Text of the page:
Also, to promote the mean scores of moral norms and self-identity constructs, According to the social conditions and positive attitude of family members to sharia law and the importance of breastfeeding in the Holy Quran a clergyman and a pediatrician as educators participated in the educational sessions.

For attitude changes, all of the women participated in focus group discussion (5 - 7 women in each group), for perceived behavior control promoting, direct and indirect experiences method were used, respectively. Then in the second educational session, an educational pamphlet was distributed among pregnant women. After delivery, mobile messages associated with exclusive breastfeeding were sent to pregnant women. The data were recollected and compared after six months.

This study was registered in Zahedan University of Medical Sciences with an ethical number of IR. ZAUMS. 1396.56.

3.4. Data Analysis

The Kolmogorov-Smirnov test was used to determine the normality of data; the data analysis was conducted via non-parametric tests.

The mean, percentage, and standard deviation were used to describe the data, while the Mann-Whitney test, Spearman correlation coefficient test, logistic regression, and chi-square test were used to analyze the data. Furthermore, the level of significance for the tests was considered at 0.05.

4. Results

In this study, 168 pregnant women were studied in two groups. The mean age of participants in intervention and control groups were 29 ± 6 and 28.7 ± 5.9, respectively (P = 0.25).

There were no statistically significant differences between the two groups in terms of age, number of pregnancies, live birth numbers and literacy levels (P < 0.05); however, a significant difference was observed between two groups in terms of gestational age, controlled by linear regression (Table 1).

After training, the mean scores of knowledge, attitude, subjective norms, moral norms, self-identity, and perceived behavioral control in the experimental group significantly increased, and a significant difference was observed between control and case group (P < 0.0001) (Table 2).

Table 1. Comparison of the Demographic Characteristics in the Research Groupsa
VariablesResearch GroupsP Value
InterventionControl
Age29.2 ± 628.7 ± 5.90.61
Number of birth2.8 ± 1.32.5 ± 1.50.25
Number of live birth1.4 ± 0.91.3 ± 1.230.72
Employment (women)0.96
Unemployed8078
Employee45
Employment (husbands)0.38
Unemployed1012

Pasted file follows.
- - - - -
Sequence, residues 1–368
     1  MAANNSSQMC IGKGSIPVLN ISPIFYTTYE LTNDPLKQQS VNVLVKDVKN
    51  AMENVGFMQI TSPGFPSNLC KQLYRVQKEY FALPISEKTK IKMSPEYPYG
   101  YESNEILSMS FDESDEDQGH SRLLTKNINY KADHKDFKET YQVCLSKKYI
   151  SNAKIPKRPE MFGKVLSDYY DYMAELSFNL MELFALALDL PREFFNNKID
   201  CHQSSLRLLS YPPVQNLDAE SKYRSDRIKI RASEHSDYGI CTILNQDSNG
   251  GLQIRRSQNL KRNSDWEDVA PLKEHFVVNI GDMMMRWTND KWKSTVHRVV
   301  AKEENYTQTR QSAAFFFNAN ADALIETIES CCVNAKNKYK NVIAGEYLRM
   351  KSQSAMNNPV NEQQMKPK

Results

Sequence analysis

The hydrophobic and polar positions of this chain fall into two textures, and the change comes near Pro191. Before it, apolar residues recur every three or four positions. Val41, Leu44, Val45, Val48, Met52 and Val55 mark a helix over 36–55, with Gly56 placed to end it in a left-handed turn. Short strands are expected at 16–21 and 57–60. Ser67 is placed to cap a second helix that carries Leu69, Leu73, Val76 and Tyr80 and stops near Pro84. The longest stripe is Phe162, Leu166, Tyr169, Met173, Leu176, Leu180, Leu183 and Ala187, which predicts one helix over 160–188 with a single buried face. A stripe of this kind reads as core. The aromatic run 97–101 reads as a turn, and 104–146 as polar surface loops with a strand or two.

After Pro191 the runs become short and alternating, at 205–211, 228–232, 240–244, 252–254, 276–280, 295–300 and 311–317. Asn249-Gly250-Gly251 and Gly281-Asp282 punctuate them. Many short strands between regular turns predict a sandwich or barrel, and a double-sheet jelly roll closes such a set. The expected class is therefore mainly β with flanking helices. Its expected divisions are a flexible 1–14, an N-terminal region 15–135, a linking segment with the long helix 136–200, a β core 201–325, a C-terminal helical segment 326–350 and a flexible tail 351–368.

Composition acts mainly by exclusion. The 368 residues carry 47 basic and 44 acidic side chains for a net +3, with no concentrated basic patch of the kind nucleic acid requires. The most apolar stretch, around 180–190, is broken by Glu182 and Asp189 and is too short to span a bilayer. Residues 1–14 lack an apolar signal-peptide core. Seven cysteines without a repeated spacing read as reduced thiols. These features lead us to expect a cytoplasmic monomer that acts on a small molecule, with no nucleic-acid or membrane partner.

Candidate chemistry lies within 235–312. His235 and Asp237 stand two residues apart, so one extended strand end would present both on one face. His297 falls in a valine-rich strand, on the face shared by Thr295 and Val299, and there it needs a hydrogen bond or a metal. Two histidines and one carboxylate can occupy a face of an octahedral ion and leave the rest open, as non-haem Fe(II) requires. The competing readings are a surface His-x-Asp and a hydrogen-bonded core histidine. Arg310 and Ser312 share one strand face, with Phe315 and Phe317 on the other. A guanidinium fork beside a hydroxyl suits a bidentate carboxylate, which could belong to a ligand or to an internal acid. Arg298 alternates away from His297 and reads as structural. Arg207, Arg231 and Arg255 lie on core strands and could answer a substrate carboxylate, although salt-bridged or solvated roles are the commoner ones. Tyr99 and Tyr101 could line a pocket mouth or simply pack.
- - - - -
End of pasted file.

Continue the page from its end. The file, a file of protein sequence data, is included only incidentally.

Employee914
Self-employed6657
Education (women)0.52
Elementary school3526
Secondary school1516
Diploma2324
College education1217
Education (husbands)0.491
Elementary school4638
Diploma3830
College education1115

aValues are expressed as mean ± SD or number.

Based on the results, in demographic characteristics between two groups, no differences were seen.

Table 2. Comparison of the mean scores of the extended theory of planned behavior constructs in the research groups before and after the intervention
Construct, Research GroupsIntervention
BeforeAfter
Mean ± SDPercent of Total ScoreP Mann WhitneyMean ± SDPercent of Total ScoreP Mann-Whitney
Knowledge0.520.001
Intervention12.8 ± 2.279.815.3 ± 1.395.9
Control12.7 ± 2,648012.9 ± 2.280.7
Attitude0.440.001
Intervention72.2 ± 10.779.4585.5 ± 5.294
Control73.6 ± 8.980.873.7 ± 7.881
Subjective norms0.180.001
Intervention58.7 ± 883.964 ± 591.5
Control60.6 ± 6.786.660.7 ± 6.286.7
Moral norms0.4450.001
Intervention30.1 ± 3.686.133.3± 2.295.3
Control29.5 ± 3.784.430.3 ± 3.286.6
Self-identity0.4930.001
Intervention24.6 ± 2.988.127.1 ± 1.196.8
Control24.6 ± 2.287.924.6 ± 2.188.2
Perceived behavior control0.750.001
Intervention28.6 ± 4.381.832.5 ± 2.693.1
Control28.7 ± 4.582.228.8 ± 482.4
Intention0.090.001
Intervention30.1 ± 4.586.233.2 ± 295
Control29.9 ± 385.630.9 ± 2.788.3

According to Table 2, in the intervention group, the mean scores of all of the constructs compared to the control group after the intervention increased meaningfully, but attitude and self-identity have the greatest (14.6%), and the least (8.7) mean differences, respectively.

Table 3. Comparison of Behavior in Intervention and Control Groups After Educationa
GroupExclusive Breastfeeding for 6 MonthsNo Exclusive Breastfeeding for 6 Months
Intervention75 (88)10 (12)
Control64 (77)19 (23)
χ2 = 3.64P = 0.044

aValues are expressed as number (%).

According to Table 3, the study of EBF behavior showed that after childbirth, the rate of EBF in the intervention group was higher than control (N = 11).

Table 4. Logistic Regression Analysis Between Exclusive Breast Feeding and Constructs of the Theory